Teaching English to the World: History, Curriculum, and Practice

Teaching English to the World: History, Curriculum, and Practice

Teaching English to the World: History, Curriculum, and Practice

Teaching English to the World: History, Curriculum, and Practice


Teaching English to the World: History, Curriculum, and Practice is a unique collection of English language teaching (ELT) histories, curricula, and personal narratives from non-native speaker (NNS) English teachers around the world. No other book brings such a range of international ELT professionals together to describe and narrate what they know best.

The book includes chapters from Brazil, China, Germany, Hong Kong, Hungary, India, Indonesia, Israel, Japan, Lebanon, Poland, Saudi Arabia, Singapore, Sri Lanka, and Turkey. All chapters follow a consistent pattern, describing first the history of English language teaching in a particular country, then the current ELT curriculum, followed by the biography or the autobiography of an English teacher of that country. This consistency in the structuring of chapters will enable readers to assimilate the information easily while also comparing and contrasting the context of ELT in each country.

The chapter authors--all born in or residents of the countries they represent and speakers of the local language or languages as well as English--provide insider perspectives on the challenges faced by local English language teachers. There is clear evidence that the majority of English teachers worldwide are nonnative speakers (NNS), and there is no doubt that many among them have been taught by indigenous teachers who themselves are nonnative speakers. This book brings the professional knowledge and experience of these teachers and the countries they represent to a mainstream Western audience including faculty, professionals, and graduate students in the field of ESL; to the international TESOL community; and to ELT teachers around the world.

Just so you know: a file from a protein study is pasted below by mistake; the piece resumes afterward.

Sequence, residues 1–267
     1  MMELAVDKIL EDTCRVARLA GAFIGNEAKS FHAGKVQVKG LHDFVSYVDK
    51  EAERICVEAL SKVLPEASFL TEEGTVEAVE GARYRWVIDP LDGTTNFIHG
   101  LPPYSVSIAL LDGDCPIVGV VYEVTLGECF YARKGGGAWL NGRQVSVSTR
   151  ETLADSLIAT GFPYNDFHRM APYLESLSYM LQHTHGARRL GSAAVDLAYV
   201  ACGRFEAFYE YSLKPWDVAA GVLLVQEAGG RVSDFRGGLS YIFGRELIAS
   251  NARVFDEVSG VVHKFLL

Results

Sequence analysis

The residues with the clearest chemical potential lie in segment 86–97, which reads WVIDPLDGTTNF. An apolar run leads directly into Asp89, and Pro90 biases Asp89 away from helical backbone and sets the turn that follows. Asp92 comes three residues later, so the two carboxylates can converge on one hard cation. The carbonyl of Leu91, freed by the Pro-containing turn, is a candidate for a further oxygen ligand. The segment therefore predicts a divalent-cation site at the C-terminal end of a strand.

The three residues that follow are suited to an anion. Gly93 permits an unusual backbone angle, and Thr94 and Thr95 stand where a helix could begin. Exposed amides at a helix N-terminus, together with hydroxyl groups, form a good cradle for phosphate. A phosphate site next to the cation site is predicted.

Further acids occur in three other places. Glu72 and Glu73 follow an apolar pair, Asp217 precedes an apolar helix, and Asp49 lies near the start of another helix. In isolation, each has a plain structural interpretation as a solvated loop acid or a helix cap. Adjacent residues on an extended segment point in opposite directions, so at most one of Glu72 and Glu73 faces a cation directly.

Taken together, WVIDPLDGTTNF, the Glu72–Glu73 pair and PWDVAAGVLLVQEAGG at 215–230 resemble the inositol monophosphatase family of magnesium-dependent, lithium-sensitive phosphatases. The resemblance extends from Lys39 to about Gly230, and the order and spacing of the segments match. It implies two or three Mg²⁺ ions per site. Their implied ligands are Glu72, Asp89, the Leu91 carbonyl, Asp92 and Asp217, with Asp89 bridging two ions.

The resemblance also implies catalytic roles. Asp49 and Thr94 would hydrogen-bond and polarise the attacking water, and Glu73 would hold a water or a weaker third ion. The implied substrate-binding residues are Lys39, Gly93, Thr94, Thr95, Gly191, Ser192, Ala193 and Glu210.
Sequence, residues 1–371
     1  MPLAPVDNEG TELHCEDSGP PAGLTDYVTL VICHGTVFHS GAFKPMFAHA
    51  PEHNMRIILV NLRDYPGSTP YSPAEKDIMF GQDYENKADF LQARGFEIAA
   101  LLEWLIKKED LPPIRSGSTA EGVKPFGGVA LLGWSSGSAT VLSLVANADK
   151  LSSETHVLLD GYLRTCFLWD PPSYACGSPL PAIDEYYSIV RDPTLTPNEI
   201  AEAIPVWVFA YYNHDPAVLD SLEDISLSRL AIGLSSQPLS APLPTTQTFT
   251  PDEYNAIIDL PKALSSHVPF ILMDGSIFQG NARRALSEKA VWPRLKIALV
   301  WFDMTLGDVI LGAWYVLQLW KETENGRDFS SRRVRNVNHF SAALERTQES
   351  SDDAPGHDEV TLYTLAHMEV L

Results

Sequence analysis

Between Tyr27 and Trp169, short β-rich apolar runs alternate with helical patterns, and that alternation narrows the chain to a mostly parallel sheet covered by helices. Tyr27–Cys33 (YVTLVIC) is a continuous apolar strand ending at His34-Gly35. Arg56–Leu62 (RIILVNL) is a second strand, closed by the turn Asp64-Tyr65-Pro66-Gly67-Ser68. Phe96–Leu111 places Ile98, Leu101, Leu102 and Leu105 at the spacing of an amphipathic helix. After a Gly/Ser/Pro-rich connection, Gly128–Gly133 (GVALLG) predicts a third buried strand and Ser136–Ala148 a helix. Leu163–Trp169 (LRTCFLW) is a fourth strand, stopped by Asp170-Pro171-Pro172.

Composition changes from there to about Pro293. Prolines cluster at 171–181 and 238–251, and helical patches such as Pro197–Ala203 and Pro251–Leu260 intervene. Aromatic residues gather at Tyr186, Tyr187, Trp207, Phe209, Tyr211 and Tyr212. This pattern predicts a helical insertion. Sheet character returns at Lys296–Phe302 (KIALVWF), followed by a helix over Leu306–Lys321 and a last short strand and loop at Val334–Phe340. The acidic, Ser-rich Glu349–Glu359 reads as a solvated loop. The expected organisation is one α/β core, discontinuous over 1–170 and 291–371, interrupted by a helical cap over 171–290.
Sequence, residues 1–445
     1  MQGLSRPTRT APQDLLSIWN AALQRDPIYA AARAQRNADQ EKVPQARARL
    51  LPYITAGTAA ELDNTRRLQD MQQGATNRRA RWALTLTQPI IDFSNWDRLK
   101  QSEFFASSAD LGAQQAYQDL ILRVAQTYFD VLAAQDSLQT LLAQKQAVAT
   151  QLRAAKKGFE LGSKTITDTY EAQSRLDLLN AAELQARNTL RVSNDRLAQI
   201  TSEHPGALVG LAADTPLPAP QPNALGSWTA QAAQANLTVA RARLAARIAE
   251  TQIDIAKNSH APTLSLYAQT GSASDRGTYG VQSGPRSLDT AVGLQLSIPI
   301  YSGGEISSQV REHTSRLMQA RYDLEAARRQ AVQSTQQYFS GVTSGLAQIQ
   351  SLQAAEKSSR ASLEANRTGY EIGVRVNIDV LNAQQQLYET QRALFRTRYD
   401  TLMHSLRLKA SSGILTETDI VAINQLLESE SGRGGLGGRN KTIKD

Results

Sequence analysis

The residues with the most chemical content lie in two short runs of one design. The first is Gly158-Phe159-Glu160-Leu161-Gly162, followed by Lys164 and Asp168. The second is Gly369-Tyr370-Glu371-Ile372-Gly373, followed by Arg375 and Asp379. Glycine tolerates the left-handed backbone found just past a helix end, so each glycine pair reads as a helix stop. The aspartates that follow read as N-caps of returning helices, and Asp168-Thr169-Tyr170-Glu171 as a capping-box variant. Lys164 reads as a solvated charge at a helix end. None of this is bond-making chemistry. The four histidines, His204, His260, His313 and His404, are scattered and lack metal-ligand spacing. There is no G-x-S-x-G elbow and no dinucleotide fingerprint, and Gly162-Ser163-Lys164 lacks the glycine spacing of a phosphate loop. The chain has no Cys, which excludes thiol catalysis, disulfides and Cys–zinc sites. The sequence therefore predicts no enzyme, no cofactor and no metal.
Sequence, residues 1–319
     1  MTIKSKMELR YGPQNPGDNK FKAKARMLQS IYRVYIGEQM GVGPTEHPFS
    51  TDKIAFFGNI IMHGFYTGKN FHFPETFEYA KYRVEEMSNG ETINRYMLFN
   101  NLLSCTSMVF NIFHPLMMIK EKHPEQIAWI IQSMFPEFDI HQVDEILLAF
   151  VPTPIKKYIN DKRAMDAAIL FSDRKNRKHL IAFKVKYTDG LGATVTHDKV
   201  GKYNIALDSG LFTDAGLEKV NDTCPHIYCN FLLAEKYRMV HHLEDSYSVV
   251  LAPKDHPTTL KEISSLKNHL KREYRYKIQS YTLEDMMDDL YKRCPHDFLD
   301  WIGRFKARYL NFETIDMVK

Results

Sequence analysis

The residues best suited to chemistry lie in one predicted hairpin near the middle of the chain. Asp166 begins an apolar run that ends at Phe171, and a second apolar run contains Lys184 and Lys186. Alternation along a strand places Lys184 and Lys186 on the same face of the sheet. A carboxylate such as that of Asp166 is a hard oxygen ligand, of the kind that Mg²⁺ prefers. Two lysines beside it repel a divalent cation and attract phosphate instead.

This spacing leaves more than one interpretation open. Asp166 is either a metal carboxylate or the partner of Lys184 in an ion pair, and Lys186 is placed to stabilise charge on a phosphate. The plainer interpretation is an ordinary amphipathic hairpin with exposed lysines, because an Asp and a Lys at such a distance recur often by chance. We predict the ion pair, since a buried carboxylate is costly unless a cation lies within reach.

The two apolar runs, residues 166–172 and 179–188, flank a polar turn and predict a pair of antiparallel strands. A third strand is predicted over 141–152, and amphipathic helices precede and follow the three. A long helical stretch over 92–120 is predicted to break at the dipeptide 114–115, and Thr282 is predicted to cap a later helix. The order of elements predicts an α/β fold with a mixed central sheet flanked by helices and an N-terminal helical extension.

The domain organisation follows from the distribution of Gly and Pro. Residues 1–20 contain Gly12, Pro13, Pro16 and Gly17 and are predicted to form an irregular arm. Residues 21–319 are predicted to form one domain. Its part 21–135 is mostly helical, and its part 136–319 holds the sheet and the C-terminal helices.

Historical evidence suggests that English was being taught as a second or foreign language as far back as the 15th century. William Caxton, who introduced the printing press to England, may have been the first to produce "course material" for learners of English. His 1483 manual, subtitled Right good lemyng for to lerne shortly frenssh and englyss, is highly pragmatic in aim and content. The manual consists of a set of typical greetings, useful words for household items, servants, short dialogues, and a detailed dialogue on the buying and selling of various kinds of textiles. The second half of the manual consists mainly of vignettes of trades people such as "Agnes our maid," "George the book sellar," and "Martin the grocer." (cited in Howatt, 1984). Surprisingly, little appears to have changed in how such manuals are prepared even today, despite the centuries of experience in teaching English in all corners of the world and the multitude of research that has been conducted to determine which types of texts and which teaching methods are most effective.

During the 16th century, the rise of England as a maritime power and the expansion of the British Empire led to the recognition of English as an important language alongside French, Italian, and Latin, and to a growing interest in learning English. According to Howatt (1984), Gabriel Meurier, a Frenchman who lived in Antwerp, could be the first teacher of English as a foreign language that we know by name. A Treatise for to Learn to Speak French and English authored by Meurier was published in 1553.

In the latter half of the 16th century, about 360,000 refugees from Flanders, France, Italy, and Spain settled in England. Many of these settlers were skilled craftsmen and needed to know English in order to work in their adopted homeland. Ironically, some who taught English to these settlers were themselves refugees or immigrants, and therefore nonnative teachers of English. The best known among them, Jaques Bellot, taught English to the French community in the Lon-

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